for Harvey Hix
It's the time of year when my first years
read Robert Sheppard's 'The Education of Desire'
and I challenge them to think about
writing their poems differently.
They also get given Charles Bernstein
on how to read difficult poems
and a host of quotes from other authors
each articulating why and how they write.
This kind of thing has to complement
every writing workshop. How can we write
if we don't think about how we can write?
The students don't know, now we've moved on
to B.S. Johnson, Samuel Beckett and Ann Quin,
that Bernstein and Sheppard will be back
when we come to talk about poetics;
in fact Robert's visiting us to give a talk.
At our institution with and and
are more than simply words between English
and Creative Writing. To us, and means one
sits alongside the other, whereas with
means they're entwined. Literature and theory
coil around creativity, poems, stories, plays.
To management upstairs they are both ways
to sell our courses, offer options to the kids.
The same managers are never sure
if books of poems tick the research box.
Shouldn't we be writing essays about our work
or be out there giving academic talks?
Elsewhere, the battle's won, and when
I look out for examples I can use
I find Harvey Hix and Mark Amerika
working in relevant but different ways.
Hix uses quotes and persuasive argument
in poems that answer back to other poems
(he reminds us that Bernstein does this too),
whilst Amerika remixes his own and others' texts
to dialogue with and critique themselves,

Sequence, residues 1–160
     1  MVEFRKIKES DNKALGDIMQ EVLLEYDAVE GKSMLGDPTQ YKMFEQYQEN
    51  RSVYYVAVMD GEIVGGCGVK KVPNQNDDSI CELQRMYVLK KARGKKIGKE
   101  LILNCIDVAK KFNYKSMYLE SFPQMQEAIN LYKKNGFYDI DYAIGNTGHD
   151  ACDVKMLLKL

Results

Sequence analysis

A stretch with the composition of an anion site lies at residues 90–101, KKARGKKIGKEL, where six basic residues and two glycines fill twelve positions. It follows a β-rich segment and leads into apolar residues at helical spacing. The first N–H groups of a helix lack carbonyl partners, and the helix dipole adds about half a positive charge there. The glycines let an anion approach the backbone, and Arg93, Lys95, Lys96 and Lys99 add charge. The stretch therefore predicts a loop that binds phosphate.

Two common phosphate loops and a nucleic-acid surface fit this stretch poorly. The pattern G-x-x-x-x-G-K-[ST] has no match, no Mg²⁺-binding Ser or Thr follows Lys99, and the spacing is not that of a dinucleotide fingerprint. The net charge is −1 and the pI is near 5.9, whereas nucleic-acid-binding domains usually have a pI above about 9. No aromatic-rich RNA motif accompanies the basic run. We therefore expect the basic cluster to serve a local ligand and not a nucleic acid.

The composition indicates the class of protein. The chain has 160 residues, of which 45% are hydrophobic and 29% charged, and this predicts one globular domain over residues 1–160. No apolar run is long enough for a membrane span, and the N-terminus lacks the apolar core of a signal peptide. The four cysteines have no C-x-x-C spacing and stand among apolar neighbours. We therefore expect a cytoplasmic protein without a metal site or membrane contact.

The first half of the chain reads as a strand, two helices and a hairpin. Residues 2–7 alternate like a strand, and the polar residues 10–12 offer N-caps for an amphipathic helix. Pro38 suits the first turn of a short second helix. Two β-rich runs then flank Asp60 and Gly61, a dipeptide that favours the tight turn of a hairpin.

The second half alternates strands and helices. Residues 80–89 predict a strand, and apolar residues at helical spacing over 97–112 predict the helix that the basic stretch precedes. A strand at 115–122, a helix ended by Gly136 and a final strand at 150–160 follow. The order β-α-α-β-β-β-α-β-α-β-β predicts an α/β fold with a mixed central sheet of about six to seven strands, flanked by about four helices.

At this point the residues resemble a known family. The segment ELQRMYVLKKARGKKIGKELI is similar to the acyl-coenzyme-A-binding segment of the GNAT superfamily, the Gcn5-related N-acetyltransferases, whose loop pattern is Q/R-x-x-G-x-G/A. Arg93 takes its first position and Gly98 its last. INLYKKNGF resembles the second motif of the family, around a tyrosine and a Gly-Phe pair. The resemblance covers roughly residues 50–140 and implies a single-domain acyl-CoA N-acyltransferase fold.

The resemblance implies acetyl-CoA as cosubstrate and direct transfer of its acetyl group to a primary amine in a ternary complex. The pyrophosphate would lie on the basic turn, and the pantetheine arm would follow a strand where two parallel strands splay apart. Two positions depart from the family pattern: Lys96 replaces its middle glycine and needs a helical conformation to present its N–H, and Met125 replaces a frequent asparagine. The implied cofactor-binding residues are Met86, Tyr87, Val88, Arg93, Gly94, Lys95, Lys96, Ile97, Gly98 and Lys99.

sometimes just through juxtaposition,
sometimes through collage and appropriation;
old work to make new. Hix makes new work
to discuss the old, sonnets to discuss the sonnet.
But isn't all good criticism creative anyway?
Isn't good theory creative writing too?
Rob Pope cleverly and clearly argues that
writing to and writing through, rewriting,
are all forms of creative engagement
we must regard as critical thought and deed.
'We learn by observation and immersion':
the personal transformation Hix worries about,
the 'something more' that happens when sparks
turn into fire, when process and procedures
give birth to writing at its best, might happen
anyway. Let's take that out of the equation,
it can't be our concern. All we can do is help
each other think about how and why we might
take words and arrange them for ourselves.
Each must do that on their own, with the weight
of the past behind them, the invisible future
ahead. There is everything still to play for
and pedagogy cannot help us win. We need
writers who are passionate, will experiment
and play with language, understand the links
between painting, word and sound, how
'the body [is] a language and it talk[s] to itself',
which is how Paige Ackerson-Kiely would put it
if she wrote in the present tense. The isolated body,
the self others can never know, rewrites the world
only for itself. The mode, the process, the stance,
the means and object of individual learning
are all bound up in this. We can never move
beyond, can never know why writers write,
can only and relentlessly pursue lines of inquiry.
My Love is a Dead Arctic Explorer, Paige Ackerson-Kiely
remixthebook, mark amerika
'The Difficult Poem', Charles Bernstein
Lines of Inquiry, H.L. Hix
Textual Intervention, Rob Pope
'The Education of Desire', Robert Sheppard
Rupert Loydell's latest collections are Wildlife (Shearsman, 2011) and The Fantasy Kid (Salt, 2010), his poems for children.